On Wednesday, Lebanese President Michel Aoun declared a two-week state of emergency following two massive explosions that ripped through the Lebanese capital of Beirut, killing at least 135 people and injuring around 5,000.
The number of casualties is only expected to rise as search and rescue missions are carried out around the city, despite shortages of electricity, medical supplies and space.
Medical facilities were hit hard by the explosion, with doctors reporting that at least four large hospitals in Beirut were damaged to the point that they were unable to treat patients. A significant number of healthcare workers were either killed or injured in the blast and a warehouse containing much of Lebanon’s vaccine supply was destroyed as well.
Dr. Peter Noun of St. George Hospital, the closest hospital to the blast site, called the sight a “catastrophe.”
“Every floor of the hospital is damaged. I didn’t see this even during the war,” he said. “The damage is extremely bad. All the rooms are damaged. All the parents and their children were in their rooms. Everything just fell down, the windows destroyed, the ceiling in pieces.”
Furthermore, an estimated 300,000 people are believed to have lost their homes, according to Beirut city governor Marwan Abboud.
The Lebanese Red Cross is working on setting up temporary shelters with food, hygiene kits and basic needs. However, these will only be able to house around 1,000 families, just a fraction of those who have lost their homes.
Located next to the blast site were Lebanon’s main grain silos. Lebanon’s economy minister Raoul Nehme said on Wednesday that they contained a crucial 85% of the country’s grain storage, which were wiped out and contaminated.
He said that while the silos at the blast site only held 15,000 tons of grain at the time, much less than their capacity of 120,000 tons, Lebanon’s remaining grain reserves could sustain the population for “a bit less than a month.”
Still, Nehme assured the public that “There is no bread or flour crisis … We have enough inventory and boats on their way to cover the needs of Lebanon on the long term.”
As residents try to recover from the damage, many are left angry at the government as initial investigation reports suggest that years of inaction and government negligence were to blame for the blast.
Prime Minister Hassan Diab has said that the explosion was most likely caused by a cache of some 2,750 tons of ammonium nitrate – a highly combustible industrial chemical commonly found in fertilizers and explosives – which was improperly stored at the ports.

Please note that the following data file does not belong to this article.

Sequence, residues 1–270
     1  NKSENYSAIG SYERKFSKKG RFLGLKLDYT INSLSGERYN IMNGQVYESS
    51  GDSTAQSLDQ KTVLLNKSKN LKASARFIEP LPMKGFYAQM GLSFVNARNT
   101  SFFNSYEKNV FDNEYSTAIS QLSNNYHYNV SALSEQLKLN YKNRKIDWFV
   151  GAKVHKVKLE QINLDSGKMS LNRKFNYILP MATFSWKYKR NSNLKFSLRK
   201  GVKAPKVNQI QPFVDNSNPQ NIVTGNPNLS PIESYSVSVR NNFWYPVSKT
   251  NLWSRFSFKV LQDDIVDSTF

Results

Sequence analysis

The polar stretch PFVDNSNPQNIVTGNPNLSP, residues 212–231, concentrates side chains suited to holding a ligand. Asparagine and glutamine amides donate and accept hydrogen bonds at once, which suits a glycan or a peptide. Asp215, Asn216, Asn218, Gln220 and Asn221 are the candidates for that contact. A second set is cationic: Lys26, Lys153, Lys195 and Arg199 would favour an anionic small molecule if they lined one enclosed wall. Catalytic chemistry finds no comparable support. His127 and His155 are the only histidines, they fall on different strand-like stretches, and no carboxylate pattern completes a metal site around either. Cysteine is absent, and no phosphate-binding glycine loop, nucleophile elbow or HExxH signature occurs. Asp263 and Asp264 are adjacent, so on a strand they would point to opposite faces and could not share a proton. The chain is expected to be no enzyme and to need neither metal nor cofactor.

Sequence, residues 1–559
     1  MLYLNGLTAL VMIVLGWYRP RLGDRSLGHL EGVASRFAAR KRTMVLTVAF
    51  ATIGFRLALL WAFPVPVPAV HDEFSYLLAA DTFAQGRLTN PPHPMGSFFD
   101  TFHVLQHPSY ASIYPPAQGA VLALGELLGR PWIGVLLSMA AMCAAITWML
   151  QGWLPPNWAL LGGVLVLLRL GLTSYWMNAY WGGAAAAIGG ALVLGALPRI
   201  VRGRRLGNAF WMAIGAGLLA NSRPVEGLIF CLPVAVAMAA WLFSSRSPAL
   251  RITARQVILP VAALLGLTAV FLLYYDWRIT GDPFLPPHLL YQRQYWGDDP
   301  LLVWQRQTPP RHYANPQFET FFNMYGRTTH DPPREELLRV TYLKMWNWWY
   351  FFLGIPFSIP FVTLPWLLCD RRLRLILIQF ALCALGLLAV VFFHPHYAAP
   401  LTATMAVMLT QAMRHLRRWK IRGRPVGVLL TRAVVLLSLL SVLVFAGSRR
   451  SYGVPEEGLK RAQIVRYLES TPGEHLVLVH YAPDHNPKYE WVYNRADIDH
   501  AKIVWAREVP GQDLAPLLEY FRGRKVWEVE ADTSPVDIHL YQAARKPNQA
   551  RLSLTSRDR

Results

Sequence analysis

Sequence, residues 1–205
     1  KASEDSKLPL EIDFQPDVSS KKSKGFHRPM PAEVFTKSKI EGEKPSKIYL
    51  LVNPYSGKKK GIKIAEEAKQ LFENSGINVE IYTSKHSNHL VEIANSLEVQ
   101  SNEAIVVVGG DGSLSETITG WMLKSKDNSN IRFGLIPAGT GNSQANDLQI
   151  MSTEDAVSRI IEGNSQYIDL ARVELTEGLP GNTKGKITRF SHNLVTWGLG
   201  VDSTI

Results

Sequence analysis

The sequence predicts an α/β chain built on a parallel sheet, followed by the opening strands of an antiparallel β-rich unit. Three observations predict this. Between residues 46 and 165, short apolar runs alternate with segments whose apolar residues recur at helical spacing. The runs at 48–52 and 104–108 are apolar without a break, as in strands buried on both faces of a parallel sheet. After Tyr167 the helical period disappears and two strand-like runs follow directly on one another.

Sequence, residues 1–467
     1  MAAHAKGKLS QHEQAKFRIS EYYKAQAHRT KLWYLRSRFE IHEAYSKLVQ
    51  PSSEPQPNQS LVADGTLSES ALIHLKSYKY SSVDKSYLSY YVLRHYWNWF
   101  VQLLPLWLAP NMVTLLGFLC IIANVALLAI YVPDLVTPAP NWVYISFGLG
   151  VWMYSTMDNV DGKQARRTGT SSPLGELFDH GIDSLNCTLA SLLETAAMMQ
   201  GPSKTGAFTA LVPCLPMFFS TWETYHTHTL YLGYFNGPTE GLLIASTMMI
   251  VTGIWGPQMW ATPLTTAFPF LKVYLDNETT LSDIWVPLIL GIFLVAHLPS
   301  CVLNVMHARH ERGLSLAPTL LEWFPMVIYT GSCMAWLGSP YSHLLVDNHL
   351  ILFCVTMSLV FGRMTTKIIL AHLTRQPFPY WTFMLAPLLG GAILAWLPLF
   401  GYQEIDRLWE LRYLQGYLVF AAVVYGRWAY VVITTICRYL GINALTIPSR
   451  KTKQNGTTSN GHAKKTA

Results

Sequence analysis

Public records have shown that Lebanese customs officials wrote at least six letters to the courts between 2014 and 2017, urging them to remove the material from the port.
In an interview with local broadcaster OTV, the general manager of the Beirut port, Hassan Koraytem, said that “nothing happened” after numerous requests to the government to move the huge stockpile.
“We have been waiting for this to be resolved for six years, in vain,” he said.
By Wednesday morning, a hashtag that translates as “hang up the nooses” or “off with their heads” was trending on Twitter in Lebanon, with many harshly criticizing the government for their inaction.
As former Prime Minister Saad Hariri – who resigned in October after widespread protests – toured the city, small groups of protesters surrounded his convoy as isolated scuffles broke out between the crowd and security personnel.
While the situation appears dire, many members of the community are coming together in an effort to provide support. In an uplifting show of solidarity, unaffected residents, hotels and schools are offering shelter to those who have been displaced by the explosion.
On social media, an account was set up to try to locate victims, compiling photographs of missing people with the contact information of their families. Fundraisers were also set up online to aid those who had been affected, with some receiving up to US$2.6 million in donations.
The international community is also rushing to assist recovery efforts with governments around the world pledging their support.
The European Union has activated its civil protection system to gather emergency workers and equipment from member states. Other countries such as the United States, France, Iran, Iraq, Australia, Norway and many others have committed to sending food, supplies and emergency responders to the area.
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